This is the last article in the four part series on cheating. I could write another 10 because it is such a big and complicated and pervasive topic. Thank you for all of the comments and questions. I’m glad to hear this series helped so many and added to the conversation about infidelity/cheating.
I had the biggest reactions to the third article…particularly with the woman who was cheated on and the man who cheated and was learning to accept he has the right to be loved even if it means infidelity. The themes for both were: I heard myself in his/her story and I’m grateful to not be alone and thank you for going there and issuing a statement to not assume the worst of the cheater.
I also receive a lot of joking messages like “Are you SURE you didn’t write my story?” And always the answer was….nope, those three individuals gave me permission. But they are so common you might see yourself in some of them. THAT is how pervasive it is.
I wrote this series because cheating is everywhere. In songs. In movies. In the news. It gets woven into political situations. It is talked about. It is avoided.
It is everywhere. And so I needed to write about it.
In this last article, I want to briefly hit on a few topics that didn’t get touched previously.
In short: Cheating sucks. It just does. I’m not a proponent of it. I’ve rarely seen good come from it. I’m not saying it NEVER has good come from it but the good very rarely outweighs the negative.
What can be good about infidelity?
Again, rarely, but I have seen some good come from cheating. For some, I have seen insights learned about character and dedication. I have also seen some stay in a relationship that had a ‘Don’t ask, Don’t tell’ unsaid agreement and the dalliances for the partner(s), ‘helped’ keep the family unit together and didn’t do enough damage that made partners unfulfilled and wanting to end the family. For a few others, one night stands give someone a confidence boost that filled them enough to seek internal validation to help bring more to the relationship to keep it positive and happy. I’ve seen outside, unknown relationships fulfilling the person to the point that they relieve pressure for their spouse to be something he/she isn’t. I’ve seen cheating become a catalyst for someone taking charge of their life again and seeking healthier lifestyles. I’ve seen partners truly not care and feel completely unaffected by their partner straying without consent…some because they’ve lost interest in intimacy with their spouse or themselves, and others it is because of physical limitations or past trauma.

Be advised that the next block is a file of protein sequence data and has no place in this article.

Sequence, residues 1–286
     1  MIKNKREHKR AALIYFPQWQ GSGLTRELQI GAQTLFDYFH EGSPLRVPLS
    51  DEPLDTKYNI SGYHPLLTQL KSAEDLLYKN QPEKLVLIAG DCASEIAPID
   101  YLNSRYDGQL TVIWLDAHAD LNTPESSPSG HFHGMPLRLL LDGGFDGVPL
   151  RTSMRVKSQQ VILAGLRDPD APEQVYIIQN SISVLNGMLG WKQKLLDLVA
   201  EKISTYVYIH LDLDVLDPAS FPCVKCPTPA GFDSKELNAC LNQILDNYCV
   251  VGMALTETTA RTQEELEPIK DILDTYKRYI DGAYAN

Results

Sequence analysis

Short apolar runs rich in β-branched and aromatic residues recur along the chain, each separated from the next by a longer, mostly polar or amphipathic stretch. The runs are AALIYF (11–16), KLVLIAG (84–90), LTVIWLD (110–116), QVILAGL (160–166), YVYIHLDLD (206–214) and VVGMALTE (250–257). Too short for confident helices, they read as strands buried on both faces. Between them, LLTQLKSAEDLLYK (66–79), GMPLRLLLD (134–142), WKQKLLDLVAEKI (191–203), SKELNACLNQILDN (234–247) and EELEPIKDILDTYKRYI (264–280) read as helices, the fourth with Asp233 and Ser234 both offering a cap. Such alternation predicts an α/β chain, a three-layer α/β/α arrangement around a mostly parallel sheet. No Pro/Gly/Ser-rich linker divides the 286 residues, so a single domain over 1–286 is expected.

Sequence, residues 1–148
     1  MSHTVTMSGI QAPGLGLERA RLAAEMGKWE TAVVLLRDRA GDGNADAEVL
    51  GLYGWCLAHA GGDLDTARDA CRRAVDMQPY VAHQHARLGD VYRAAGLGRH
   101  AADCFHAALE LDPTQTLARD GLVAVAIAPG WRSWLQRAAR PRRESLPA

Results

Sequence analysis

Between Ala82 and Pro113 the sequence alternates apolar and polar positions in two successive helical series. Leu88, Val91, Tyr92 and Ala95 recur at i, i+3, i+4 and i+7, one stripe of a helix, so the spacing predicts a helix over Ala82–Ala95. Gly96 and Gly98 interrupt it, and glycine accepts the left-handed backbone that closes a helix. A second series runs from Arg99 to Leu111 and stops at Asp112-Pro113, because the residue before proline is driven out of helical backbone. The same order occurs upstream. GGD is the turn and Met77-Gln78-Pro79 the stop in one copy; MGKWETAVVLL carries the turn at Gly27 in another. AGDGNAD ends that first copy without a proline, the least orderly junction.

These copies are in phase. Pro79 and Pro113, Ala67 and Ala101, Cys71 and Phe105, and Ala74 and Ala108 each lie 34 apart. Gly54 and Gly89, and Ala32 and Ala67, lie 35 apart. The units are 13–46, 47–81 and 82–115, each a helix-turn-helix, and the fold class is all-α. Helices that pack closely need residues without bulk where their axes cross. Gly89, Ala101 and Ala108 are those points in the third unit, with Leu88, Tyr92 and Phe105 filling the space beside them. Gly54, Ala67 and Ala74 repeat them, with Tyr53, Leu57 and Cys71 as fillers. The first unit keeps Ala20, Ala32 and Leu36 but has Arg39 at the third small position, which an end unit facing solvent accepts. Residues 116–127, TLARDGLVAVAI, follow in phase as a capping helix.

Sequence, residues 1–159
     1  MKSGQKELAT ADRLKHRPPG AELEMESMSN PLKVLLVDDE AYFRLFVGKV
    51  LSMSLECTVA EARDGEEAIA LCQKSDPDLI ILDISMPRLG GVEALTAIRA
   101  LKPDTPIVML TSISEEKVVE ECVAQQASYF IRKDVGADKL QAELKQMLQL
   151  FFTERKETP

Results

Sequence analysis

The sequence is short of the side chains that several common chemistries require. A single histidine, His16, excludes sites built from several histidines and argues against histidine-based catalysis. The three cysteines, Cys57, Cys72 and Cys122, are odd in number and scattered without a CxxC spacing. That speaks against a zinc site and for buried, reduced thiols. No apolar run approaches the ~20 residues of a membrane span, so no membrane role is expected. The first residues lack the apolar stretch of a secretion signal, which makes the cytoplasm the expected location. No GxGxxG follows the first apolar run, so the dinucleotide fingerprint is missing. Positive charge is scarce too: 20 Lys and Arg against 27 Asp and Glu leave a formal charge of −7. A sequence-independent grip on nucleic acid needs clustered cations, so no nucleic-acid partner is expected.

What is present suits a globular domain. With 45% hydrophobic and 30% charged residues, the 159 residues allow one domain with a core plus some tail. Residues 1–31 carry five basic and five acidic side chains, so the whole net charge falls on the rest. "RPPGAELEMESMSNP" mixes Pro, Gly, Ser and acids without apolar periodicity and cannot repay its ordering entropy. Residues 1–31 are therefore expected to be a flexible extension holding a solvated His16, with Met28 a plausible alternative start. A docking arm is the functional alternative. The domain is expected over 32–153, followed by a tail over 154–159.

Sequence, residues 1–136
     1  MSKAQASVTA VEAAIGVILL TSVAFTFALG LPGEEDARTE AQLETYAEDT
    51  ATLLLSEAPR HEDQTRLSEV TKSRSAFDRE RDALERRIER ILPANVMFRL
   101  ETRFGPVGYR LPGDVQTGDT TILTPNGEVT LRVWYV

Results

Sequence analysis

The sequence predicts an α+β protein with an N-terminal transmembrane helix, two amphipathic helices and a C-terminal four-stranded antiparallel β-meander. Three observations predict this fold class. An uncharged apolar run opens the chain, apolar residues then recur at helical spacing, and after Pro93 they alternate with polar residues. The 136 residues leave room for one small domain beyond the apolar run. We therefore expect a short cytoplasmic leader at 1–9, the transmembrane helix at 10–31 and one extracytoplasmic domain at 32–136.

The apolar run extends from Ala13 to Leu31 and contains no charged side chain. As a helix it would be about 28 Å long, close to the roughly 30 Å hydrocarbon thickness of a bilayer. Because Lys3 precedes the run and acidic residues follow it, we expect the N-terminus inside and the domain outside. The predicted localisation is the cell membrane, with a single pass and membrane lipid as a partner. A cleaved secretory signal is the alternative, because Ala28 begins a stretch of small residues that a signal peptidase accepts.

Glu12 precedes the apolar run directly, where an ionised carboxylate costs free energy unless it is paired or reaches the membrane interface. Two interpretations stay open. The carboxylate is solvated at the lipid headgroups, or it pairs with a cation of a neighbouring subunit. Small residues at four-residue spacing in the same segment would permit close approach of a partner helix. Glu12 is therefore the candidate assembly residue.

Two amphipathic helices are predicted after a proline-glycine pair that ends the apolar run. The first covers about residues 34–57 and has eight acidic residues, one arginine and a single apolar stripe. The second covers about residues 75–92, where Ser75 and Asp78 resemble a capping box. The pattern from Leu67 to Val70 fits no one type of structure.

There are examples of some good. But I have to stretch for them. And so does the people in these situations.
In most of the situations…the partners have a “unconventionally” negotiated way of looking at lies, deceit and emotional and sexual intimacy. That is another article altogether but typically what mitigates the damage typically seen in cheating.
Cheating Sucks and Is Complicated
So for the record….Cheating sucks. But I am also saying it is never a simple process from here to there. I have compassion for ALL involved and have rarely come across a story of infidelity that didn’t tug at my heartstrings and didn’t involve life altering insights, pain and questions.
Coincidentally or not so coincidentally I started watching a show on Netflix while writing this series. Doctor Foster is a British show about a woman who discovers her husband is cheating on her. I thought it was a medical show and had no idea it would revolve around infidelity. Of course it got a bit dramatic and took things to unrealistic places at times but there were nuggets in there that were dead on. Insightful. Eerily accurate. Good writing and acting. The show tackles cheating from all sides. Cheated on, cheating, the one cheating with, co workers, children, parents…..you name it and it is there. And often isn’t pretty but it is (mostly) real.
The only other media portrayal that has stood out to me on this subject besides the show, The Affair, is a short scene in Unfaithful where Diane Lane is riding on the train reliving the sexual affair/experience she had just had and she flows through every feeling I’ve had clients tell me they experience in an affair. Delight, disgust, turned on, remorse, sadness, happiness, resolve, confusion. I remember when it came out years ago being in awe of her acting in the scene and now writing this, I am also in awe of the writing/directing that drew the emotional range out.
That said. I’ve also seen pain turn into healing and healing turn into new chapters. These chapters are different than was expected in the initial dream of the relationship but it doesn’t mean that the new chapter doesn’t have happiness and joy. And believe me…there is healing on all sides. No one gets through infidelity unscathed in some way, to some degree.